Psychology students will tell you of the well-known race track study which demonstrated that bettors were more confident of their pick moments after placing their bets than they were right before laying their money down at the window.
Sales professionals repeat the (probably apocryphal) story that toy manufactures hit on a technique for doubling their sales by under supplying demand. Before Christmas they create a demand for an item, and then short retailers while simultaneously making a near-substitute readily available. In January, they unleash the under-supplied toy and parents everywhere rush to fulfill their pre-Holiday promises to the litte ones. Voila! Two sales instead of one.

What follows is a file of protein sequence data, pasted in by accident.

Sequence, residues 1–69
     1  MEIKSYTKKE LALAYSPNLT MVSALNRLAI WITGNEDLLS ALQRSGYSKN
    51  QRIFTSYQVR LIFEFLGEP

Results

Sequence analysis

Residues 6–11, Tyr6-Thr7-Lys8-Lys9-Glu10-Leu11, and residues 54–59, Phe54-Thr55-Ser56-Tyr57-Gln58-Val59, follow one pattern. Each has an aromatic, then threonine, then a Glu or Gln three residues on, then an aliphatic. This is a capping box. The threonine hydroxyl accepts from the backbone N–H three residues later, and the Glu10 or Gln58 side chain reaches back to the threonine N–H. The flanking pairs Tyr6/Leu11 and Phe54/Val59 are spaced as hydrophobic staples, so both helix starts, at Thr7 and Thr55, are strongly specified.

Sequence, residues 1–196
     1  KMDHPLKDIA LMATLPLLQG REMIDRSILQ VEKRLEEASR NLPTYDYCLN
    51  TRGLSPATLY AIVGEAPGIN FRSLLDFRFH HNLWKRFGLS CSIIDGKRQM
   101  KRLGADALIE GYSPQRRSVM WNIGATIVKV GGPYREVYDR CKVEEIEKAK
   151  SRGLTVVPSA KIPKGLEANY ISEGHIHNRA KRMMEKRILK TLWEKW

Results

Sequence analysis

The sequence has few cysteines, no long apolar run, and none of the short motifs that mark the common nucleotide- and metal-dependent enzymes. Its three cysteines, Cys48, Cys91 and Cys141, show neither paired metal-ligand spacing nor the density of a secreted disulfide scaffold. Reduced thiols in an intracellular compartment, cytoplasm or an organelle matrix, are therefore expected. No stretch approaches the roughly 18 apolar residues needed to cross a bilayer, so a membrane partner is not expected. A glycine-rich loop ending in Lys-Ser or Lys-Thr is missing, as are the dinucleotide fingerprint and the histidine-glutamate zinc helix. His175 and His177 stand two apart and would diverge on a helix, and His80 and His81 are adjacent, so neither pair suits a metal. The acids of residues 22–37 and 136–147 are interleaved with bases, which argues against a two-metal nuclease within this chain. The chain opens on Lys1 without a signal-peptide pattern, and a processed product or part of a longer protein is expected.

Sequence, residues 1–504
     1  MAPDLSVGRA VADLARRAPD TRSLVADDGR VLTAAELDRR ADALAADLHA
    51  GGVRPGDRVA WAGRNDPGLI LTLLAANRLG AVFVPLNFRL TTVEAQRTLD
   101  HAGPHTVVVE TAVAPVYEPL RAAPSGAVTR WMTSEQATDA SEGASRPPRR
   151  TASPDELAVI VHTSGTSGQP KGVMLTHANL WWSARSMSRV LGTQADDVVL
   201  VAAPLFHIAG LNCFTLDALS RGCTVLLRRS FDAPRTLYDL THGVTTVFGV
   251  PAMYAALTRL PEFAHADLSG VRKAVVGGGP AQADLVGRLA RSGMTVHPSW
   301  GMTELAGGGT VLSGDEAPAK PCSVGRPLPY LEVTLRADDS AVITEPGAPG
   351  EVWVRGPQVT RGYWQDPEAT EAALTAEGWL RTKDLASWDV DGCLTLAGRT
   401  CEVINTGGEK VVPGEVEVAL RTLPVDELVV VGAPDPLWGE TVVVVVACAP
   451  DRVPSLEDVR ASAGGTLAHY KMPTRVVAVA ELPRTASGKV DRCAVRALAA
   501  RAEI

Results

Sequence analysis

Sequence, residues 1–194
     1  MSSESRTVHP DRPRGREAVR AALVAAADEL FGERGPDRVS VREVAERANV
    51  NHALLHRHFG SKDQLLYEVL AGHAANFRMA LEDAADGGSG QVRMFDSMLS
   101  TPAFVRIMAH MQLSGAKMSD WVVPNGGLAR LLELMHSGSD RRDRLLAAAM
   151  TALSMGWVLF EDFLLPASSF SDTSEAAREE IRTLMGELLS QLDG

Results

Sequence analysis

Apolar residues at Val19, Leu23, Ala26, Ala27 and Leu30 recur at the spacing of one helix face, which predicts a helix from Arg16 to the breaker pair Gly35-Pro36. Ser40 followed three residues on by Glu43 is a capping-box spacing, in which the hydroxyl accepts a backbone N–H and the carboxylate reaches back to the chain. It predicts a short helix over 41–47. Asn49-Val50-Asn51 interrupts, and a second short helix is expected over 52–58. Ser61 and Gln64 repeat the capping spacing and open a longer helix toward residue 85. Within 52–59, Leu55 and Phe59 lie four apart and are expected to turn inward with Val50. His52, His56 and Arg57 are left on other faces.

So what do horse races and fad toys have to do with mediation? They illustrate the legitimate psychological barriers to resolution that mediators need to address, particularly in late-stage mediations -- after all the discovery, demands, accusations, drawn lines have been made.